Measurement of the Spectrum

The coupling of gas chromatographs and FT-IR spectrometers (GC-IR) has been accomplished by three approaches. In the first, and by far the simplest, the

Eicman GA (1990) In: Clement RE (ed.) Gas Chromatography, Biochemical, Biomedical and Clinical Applications, Ch. 14. New York: Wiley Interscience. (An account of the GC of organometallic compounds.)

Hill HH and McMinn DG (eds) (1992) Detectors for Capillary Chromatography. New York: Wiley Interscience. (An excellent book with chapters on the ELCD (by Hall), the NPD (by Patterson) and GC-FTIR (by Gurka) in particular.)

GC column is connected directly to a heated flow-through cell. For capillary GC, this cell is usually fabricated from a 10-cm length of heated glass tubing with an internal diameter of & 1 mm. The inside bore of this tube is coated with a thick enough film of gold to be highly reflective to infrared (IR) radiation. IR-transparent windows (for example made of potassium bromide) are attached to both ends of the tube. IR radiation entering one window is multiply reflected down the gold-coated interior bore before emerging from the other window, giving rise to the name light-pipe for this device. The effluent from the GC column is passed into one end of the tube and out of the other via heated fused-silica transfer lines. The entire unit is held at a temperature between 250 and 300°C to preclude the condensation of semi-volatile materials.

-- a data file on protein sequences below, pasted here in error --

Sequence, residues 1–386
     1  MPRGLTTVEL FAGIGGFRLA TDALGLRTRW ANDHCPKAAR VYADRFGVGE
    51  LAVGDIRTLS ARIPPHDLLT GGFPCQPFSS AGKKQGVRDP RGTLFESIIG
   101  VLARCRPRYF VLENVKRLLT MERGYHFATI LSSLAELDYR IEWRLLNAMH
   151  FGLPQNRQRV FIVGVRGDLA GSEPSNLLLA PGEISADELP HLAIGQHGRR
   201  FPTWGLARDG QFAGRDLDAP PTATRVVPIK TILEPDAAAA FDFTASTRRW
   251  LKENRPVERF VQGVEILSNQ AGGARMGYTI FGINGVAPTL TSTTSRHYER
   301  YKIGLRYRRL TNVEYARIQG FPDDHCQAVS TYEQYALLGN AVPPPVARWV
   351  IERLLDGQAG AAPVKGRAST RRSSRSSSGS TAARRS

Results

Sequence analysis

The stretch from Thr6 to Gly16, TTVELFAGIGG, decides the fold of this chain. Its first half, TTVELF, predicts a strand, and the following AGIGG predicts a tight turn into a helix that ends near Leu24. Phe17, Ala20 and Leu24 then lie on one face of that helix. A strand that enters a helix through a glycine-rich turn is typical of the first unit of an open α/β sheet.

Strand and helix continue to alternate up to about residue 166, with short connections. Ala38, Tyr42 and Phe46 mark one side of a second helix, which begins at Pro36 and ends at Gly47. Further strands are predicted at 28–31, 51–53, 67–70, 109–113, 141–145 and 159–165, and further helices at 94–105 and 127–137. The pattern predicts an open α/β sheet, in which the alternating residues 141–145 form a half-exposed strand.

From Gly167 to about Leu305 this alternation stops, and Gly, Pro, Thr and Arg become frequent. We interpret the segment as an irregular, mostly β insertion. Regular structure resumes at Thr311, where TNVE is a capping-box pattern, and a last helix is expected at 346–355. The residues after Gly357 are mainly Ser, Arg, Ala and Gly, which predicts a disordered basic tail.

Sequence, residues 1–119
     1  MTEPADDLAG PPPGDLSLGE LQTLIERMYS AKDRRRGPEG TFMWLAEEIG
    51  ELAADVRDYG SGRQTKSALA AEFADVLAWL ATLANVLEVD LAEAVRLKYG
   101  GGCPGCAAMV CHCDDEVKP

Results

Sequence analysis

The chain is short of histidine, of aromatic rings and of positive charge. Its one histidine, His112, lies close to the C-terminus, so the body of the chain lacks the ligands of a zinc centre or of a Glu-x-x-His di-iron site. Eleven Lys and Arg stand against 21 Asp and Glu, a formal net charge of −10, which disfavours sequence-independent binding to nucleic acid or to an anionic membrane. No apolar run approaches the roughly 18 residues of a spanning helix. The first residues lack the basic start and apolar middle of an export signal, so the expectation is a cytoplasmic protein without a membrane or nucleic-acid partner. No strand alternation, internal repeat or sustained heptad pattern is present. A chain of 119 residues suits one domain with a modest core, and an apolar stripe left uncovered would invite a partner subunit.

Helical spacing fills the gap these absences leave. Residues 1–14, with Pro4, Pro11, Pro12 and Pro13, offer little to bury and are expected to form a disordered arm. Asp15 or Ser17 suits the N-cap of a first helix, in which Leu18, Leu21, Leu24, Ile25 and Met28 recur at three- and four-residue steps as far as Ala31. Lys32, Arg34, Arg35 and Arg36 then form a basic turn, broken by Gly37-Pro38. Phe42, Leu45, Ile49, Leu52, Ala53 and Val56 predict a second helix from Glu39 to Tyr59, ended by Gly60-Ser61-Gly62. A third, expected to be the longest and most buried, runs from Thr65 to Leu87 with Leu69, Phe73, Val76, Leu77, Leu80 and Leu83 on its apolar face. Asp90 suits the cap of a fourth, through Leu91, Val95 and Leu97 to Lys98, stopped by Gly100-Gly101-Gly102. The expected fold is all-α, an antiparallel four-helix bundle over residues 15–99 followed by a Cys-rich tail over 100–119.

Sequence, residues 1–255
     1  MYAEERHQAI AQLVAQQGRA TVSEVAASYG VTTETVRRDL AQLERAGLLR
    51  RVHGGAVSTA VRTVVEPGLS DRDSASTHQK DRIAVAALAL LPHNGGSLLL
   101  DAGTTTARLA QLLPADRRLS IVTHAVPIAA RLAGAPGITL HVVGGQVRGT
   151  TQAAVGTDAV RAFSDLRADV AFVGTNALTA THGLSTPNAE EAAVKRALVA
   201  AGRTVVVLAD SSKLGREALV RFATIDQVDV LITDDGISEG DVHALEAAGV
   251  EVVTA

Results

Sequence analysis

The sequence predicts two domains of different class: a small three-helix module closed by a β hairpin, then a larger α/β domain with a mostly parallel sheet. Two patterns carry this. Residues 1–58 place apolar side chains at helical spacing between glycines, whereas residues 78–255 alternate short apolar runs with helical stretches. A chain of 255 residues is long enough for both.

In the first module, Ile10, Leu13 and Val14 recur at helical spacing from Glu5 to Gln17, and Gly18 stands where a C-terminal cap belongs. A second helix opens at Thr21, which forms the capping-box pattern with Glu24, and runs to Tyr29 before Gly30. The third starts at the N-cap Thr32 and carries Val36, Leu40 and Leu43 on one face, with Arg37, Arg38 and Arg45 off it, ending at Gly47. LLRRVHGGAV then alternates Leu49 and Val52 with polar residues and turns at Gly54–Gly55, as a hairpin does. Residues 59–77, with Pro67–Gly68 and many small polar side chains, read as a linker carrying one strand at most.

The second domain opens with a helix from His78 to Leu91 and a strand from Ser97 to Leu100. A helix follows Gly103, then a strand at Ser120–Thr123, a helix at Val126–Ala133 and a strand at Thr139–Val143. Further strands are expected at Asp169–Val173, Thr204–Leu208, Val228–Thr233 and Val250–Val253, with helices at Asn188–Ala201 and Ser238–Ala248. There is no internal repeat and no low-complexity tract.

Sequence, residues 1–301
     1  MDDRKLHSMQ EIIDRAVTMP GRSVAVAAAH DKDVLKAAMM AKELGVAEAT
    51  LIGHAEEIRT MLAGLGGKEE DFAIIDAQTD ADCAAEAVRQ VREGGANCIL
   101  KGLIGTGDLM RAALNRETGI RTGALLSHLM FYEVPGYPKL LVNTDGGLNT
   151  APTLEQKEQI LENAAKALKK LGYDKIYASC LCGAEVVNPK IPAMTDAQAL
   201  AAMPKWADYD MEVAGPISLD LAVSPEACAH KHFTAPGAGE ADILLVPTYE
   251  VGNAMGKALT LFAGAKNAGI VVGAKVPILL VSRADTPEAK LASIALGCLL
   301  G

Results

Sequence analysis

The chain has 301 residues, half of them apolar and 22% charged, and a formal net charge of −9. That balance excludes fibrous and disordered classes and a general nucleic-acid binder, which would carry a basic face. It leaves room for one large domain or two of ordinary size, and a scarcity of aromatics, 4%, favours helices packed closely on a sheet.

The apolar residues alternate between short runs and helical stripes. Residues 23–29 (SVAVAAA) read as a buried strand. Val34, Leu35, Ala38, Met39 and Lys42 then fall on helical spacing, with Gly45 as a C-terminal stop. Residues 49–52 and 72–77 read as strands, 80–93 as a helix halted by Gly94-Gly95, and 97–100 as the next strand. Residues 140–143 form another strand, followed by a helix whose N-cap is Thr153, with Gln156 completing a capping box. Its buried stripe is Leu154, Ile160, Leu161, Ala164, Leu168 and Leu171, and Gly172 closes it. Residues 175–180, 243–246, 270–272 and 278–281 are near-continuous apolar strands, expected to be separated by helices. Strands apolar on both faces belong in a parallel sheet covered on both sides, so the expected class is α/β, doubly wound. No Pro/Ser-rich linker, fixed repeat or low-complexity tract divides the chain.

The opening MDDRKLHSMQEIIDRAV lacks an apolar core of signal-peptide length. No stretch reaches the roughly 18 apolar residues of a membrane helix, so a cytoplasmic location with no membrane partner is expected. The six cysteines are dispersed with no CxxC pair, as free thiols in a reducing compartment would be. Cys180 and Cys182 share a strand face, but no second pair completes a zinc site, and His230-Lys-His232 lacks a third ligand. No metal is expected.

Infrared radiation from an incandescent source, such as an SiC Globar, is collimated and passed through a rapid-scanning interferometer so that each wavelength in the spectrum is modulated at a different frequency. The beam of radiation is then focused onto the first window of the light-pipe and the infrared beam emerging from the second window is refocused onto a sensitive detector (typically a liquid-nitrogen-cooled mercury cadmium telluride (MCT) photoconductive detector). A typical system is illustrated schematically in Figure 1. The signal measured in this way is known as an interferogram and the Fourier transform of the interferogram yields a single-beam spectrum. By calculating the ratio of a single-beam spectrum measured when a component is present in the light-pipe to one measured when only the helium carrier gas is present, the transmittance spectrum, T (v), of the component is obtained. The trans-mittance spectrum is usually immediately converted to an absorbance spectrum, A(v), by the standard Beer's law operation, A(v) = — log10 T(v), as the relative intensities of bands in absorbance spectra are independent of the concentration of the analyte, thereby allowing spectral library searching to be

Solar Panel Basics

Solar Panel Basics

Global warming is a huge problem which will significantly affect every country in the world. Many people all over the world are trying to do whatever they can to help combat the effects of global warming. One of the ways that people can fight global warming is to reduce their dependence on non-renewable energy sources like oil and petroleum based products.

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